The Dawoodi Bohra community of Vancouver has been careful to consider the environmental impact of their actions over the last few years. This Ramadan, they set themselves the challenge of creating zero waste. During Ramadan, the community gathers each evening for prayers and iftar (breaking of the fast). Food is cooked by caterers offsite and provided to all attendees at the time of iftar.
This year, compost bags were purchased to ensure that any organic food waste was collected separately. Compostable cups and paper plates replaced single use plastic cups and were also disposed of with organic waste to be biodegraded.
Community volunteers played an integral role in raising awareness of the significance of collecting organic waste and practicing responsible disposal, reminding individuals through daily announcements to be mindful of utilizing appropriate waste bins and avoiding landfill bins. On average, the community converted 50 liters of landfill waste to organics each evening, with an increase to 80 liters over the weekends, totalling to 1500 liters over the month.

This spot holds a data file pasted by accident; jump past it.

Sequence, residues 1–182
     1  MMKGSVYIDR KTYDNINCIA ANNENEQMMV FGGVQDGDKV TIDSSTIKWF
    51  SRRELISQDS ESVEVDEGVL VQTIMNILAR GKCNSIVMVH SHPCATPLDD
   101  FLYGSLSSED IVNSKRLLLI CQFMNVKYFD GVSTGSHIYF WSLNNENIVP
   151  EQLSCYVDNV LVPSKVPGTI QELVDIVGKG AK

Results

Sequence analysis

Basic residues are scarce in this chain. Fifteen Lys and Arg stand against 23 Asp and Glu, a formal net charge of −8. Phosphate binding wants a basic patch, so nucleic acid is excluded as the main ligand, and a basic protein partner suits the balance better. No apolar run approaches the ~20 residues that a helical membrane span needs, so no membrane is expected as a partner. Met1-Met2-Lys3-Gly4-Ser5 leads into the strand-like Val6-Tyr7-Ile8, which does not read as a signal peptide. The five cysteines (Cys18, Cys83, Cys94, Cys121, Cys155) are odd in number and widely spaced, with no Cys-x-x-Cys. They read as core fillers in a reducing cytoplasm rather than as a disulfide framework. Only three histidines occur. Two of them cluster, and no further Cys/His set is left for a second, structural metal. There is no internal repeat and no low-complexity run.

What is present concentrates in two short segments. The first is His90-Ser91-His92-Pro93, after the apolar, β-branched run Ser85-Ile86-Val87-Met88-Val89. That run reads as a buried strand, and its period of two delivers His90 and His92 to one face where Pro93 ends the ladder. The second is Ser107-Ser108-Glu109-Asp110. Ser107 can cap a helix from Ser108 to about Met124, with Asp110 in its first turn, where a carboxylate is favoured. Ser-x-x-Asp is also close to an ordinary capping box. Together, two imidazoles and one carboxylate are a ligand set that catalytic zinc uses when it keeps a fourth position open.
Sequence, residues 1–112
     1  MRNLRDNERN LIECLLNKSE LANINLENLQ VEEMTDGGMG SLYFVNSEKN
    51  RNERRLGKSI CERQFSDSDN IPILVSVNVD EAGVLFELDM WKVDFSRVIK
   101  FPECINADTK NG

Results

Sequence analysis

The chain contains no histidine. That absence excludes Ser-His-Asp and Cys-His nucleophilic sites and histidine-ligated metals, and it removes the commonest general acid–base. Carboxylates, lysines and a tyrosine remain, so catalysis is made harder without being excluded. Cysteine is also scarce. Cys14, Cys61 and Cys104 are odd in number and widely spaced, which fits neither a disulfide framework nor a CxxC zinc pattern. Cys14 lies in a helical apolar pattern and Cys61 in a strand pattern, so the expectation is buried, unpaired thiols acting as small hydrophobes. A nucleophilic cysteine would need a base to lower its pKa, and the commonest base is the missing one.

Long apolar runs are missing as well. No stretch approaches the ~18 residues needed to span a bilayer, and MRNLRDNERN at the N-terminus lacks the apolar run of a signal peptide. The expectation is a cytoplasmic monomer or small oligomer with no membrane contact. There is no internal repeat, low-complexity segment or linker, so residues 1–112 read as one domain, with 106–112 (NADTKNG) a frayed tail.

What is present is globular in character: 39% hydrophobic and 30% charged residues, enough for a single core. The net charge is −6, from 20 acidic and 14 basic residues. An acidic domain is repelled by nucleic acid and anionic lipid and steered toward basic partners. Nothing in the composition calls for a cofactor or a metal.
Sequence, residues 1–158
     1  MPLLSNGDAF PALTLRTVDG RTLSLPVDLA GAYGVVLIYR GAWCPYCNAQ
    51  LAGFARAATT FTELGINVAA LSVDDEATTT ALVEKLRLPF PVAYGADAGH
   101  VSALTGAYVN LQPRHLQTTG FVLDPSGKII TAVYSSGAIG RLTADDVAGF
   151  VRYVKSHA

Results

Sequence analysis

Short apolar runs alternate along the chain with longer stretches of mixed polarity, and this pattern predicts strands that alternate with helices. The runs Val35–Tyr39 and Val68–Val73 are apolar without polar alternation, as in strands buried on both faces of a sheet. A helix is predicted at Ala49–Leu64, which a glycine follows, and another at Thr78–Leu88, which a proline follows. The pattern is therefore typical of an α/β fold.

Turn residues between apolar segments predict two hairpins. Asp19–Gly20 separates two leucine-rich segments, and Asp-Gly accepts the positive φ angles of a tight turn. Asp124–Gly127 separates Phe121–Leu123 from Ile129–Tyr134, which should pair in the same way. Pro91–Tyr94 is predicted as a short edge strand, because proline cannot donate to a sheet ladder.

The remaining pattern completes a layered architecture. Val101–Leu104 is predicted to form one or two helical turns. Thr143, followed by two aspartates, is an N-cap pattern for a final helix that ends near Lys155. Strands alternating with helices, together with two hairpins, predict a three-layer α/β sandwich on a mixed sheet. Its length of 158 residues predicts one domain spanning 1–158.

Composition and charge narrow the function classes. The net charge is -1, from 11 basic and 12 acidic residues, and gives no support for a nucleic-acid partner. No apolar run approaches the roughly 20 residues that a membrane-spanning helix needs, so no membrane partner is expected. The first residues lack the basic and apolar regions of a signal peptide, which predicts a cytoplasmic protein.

The Vancouver Bohras’ dedication to minimizing food waste and promoting sustainability is having a meaningful impact. A member of the community, Mr. Ahmed Medina, says, ‘we believe that no food should be wasted. We ensure every night that all food is finished and that there is no waste – including even a single grain of rice.’
The Dawoodi Bohras of Vancouver have lived and worked peacefully in and around the city for decades. They hold a special interest in environmental issues as part of Project Rise, the global Dawoodi Bohra initiative aimed at uplifting communities and promoting sustainable practices.